America Divided: Does It Diminish Efforts At Diversity If Minority Heroes Have To Share A Name?
This week's announcement of a second Captain America title, Captain America: Steve Rogers, to run alongside the current Captain America: Sam Wilson series, is the latest example of a Marvel legacy hero getting to share a name with its originator. It's a trend that reflects two facets of Marvel's approach to major heroes. On the one hand, the publisher almost always gives big name legacy identities to characters that provide greater diversity than their predecessors, whether it's Cap, Spider-Man Thor, Hulk, Hawkeye, Wolverine, Nick Fury, Giant Man, or Ms Marvel. On the other hand, Marvel's big name heroes almost always come back.
The new Cap comic has plenty of promise; Steve Rogers is a popular and beloved character, and the team of artist Jesus Saiz and writer Nick Spencer should deliver great stories. Spencer is also the writer on the Sam Wilson title, so it's reassuring to know that he hasn't passed up Sam for Steve, and that Sam will still hold on to the iconic round shield. But Marvel's decision to make Sam Wilson the Captain America felt like a big deal. Is it still a big deal if he's just a Captain America?
Marvel is attempting a similar balancing act with its two biggest heroes. Miles Morales is now Spider-Man in the 616 Marvel Universe; but Peter Parker is also Spider-Man, and he's appearing in more books. Laura Kinney is Wolverine in All-New Wolverine, because the original Wolverine is dead; but a version of him is alive, and starring in Old Man Logan. It seems only a matter of time before Marvel announces a second Thor book, so that current thunder god Jane Foster can share the gig with the one-armed Odinson.
The elevation of characters like Sam Wilson, Miles Morales, Laura Kinney, and Jane Foster, is definitely a win for readers who want more diverse heroes in the books they read. New and old fans of these characters can be grateful to Marvel for giving the characters a chance to shine, and it's great to see Marvel finally responding to audience demand in this way.
But every time one of these characters lands a marquee gig, the same fear echoes through the minds of those readers. How long will this last? When does the cis-het white guy come to take his job back? After 50 or more years of that guy, how long does someone like me get to be the one-and-only Captain America, or the one-and-only Wolverine?
The official line from Marvel when these changes are announced is always some variation on "this is the new status quo". It's an assurance designed in part to reassure readers and retailers that they're ordering the right book. But when one book has "Sam Wilson" in the title and the other has "Steve Rogers," and only one of those Captains America is the guy using that name in the Captain America movies, it begins to look like the right book is the Steve book. If the new title outperforms the Sam Wilson title, are they both going to survive the next line-wide relaunch?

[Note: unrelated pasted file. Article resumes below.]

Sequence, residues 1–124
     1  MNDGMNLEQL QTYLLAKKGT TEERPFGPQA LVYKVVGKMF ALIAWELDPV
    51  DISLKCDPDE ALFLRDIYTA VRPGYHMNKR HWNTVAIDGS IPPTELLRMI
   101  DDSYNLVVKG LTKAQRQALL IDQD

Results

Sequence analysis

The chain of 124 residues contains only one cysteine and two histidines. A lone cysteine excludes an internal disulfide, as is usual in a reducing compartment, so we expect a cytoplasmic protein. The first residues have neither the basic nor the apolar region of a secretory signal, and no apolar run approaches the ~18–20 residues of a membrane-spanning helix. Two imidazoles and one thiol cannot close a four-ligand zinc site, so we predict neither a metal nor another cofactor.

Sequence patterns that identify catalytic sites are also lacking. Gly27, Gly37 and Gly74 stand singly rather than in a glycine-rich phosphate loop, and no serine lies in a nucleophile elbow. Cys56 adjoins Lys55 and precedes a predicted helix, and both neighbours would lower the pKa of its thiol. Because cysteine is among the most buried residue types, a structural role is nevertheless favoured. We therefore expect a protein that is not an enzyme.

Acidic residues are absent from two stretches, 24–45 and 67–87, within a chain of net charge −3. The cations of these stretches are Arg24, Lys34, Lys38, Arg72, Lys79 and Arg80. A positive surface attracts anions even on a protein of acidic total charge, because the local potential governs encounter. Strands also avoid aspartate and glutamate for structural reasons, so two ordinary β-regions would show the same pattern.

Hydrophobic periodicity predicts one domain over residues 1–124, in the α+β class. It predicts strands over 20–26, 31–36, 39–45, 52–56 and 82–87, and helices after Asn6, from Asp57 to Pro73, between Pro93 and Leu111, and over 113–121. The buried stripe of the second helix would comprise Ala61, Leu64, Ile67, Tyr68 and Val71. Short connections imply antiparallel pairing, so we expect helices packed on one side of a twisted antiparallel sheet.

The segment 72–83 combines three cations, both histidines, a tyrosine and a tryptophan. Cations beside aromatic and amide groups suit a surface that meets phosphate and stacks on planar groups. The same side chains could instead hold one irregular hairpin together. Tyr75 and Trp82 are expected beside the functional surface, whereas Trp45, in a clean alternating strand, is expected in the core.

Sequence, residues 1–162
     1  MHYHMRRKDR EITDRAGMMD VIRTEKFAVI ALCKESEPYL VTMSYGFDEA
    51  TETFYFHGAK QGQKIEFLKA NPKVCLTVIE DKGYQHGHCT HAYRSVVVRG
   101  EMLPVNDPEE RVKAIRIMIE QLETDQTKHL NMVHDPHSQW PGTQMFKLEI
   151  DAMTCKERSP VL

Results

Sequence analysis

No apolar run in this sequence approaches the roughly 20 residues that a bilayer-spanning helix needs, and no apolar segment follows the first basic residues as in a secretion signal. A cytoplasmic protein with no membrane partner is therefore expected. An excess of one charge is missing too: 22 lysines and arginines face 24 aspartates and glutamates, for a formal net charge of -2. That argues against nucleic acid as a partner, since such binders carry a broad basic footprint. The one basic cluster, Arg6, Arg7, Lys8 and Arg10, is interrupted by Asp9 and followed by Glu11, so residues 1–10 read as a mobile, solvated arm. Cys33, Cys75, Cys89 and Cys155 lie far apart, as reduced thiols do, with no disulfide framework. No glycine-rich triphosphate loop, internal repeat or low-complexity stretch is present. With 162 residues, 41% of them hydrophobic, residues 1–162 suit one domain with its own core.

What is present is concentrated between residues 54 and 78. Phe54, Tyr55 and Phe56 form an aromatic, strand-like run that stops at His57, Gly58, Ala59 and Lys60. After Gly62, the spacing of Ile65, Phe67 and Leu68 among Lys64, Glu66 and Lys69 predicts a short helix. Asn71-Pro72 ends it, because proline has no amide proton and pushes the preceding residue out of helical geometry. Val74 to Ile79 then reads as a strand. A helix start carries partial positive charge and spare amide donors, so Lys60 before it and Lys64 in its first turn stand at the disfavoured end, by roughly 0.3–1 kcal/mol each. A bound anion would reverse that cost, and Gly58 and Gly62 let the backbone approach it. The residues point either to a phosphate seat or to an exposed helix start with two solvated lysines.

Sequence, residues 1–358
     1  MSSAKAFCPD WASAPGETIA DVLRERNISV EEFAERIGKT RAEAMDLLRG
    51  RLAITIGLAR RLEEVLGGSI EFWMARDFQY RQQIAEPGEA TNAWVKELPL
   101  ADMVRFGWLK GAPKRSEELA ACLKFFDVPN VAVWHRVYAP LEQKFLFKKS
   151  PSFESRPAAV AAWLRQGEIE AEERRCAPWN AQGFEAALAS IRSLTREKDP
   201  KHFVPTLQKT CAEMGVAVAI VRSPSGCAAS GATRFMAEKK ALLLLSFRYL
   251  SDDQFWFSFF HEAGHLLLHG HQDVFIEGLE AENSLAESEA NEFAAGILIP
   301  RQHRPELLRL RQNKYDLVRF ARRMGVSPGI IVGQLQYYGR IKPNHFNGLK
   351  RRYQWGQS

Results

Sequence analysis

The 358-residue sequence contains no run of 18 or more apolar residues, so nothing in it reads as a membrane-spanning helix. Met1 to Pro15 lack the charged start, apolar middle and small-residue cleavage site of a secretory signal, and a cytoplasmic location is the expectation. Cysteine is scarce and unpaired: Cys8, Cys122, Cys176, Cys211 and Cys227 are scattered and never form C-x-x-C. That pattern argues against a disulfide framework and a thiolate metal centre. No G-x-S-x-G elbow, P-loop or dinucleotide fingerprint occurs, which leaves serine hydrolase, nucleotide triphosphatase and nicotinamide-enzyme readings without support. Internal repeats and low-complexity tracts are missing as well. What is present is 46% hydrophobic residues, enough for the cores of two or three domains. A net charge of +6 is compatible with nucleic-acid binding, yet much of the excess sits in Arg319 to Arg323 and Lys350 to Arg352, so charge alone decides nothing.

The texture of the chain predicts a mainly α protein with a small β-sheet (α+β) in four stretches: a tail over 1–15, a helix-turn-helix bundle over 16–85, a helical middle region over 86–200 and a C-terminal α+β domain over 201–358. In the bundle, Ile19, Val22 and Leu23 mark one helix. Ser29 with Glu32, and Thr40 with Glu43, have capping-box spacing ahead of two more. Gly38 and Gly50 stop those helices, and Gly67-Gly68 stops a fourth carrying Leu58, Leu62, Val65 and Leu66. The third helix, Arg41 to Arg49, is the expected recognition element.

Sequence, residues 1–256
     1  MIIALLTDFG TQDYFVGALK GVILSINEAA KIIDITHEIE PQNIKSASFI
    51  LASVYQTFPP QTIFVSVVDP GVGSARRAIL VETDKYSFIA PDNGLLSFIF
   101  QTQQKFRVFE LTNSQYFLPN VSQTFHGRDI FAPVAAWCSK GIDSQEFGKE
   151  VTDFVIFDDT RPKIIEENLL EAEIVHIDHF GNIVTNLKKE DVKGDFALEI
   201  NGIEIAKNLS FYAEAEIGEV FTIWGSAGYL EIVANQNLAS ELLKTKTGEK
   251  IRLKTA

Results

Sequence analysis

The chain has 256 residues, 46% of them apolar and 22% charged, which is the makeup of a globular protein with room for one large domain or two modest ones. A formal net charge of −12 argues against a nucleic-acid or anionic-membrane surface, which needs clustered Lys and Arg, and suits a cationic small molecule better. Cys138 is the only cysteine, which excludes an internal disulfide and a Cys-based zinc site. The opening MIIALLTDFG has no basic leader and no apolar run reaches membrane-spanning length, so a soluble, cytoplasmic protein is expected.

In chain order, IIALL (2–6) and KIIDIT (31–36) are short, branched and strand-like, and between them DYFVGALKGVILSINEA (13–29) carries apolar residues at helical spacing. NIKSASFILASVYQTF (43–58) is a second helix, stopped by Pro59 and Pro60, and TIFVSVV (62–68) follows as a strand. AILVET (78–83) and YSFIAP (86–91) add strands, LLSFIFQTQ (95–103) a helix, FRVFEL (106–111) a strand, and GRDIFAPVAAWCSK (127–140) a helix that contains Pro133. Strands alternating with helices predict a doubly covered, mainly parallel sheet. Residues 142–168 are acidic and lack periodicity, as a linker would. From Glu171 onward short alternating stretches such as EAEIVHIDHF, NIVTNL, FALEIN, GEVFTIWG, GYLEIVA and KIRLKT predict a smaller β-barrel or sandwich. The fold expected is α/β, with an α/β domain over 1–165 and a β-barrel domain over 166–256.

Marvel would be very happy if both books were successes, of course. Publishers don't generally set their own books up to fail, and the creators working on them are invested in their success. But giving Sam Wilson and Miles Morales such direct and daunting competition doesn't look like a vote of total confidence.
Perhaps the folks at Marvel don't see it, despite their best intentions, but making minority heroes share an identity with a cis-het white guy plays directly into the fears of marginalized people; that fear that we will always be pushed back to the margins, and any time we get the spotlight is only at the indulgence of the establishment. It's their world and we're just living in it.
I think Marvel's instinct to promote diverse legacy heroes is a great one, if it's part of a broader effort to introduce and promote original minority heroes as well, and to invite minority creators to give voice and provide stories for these characters. Acknowledging that Spider-Man or Captain America can be black, or that Thor or Wolverine can be women, sends an important and valuable message.
But the message gets muddled and compromised when we're told that Spider-Man can be black so long as he's not the only Spider-Man, or Wolverine can be a woman so long as she's not the only Wolverine.
No experienced comic fan could seriously say they expected Sam Wilson to be Captain America forever. But they might at least have expected that he'd get to be Captain America alone.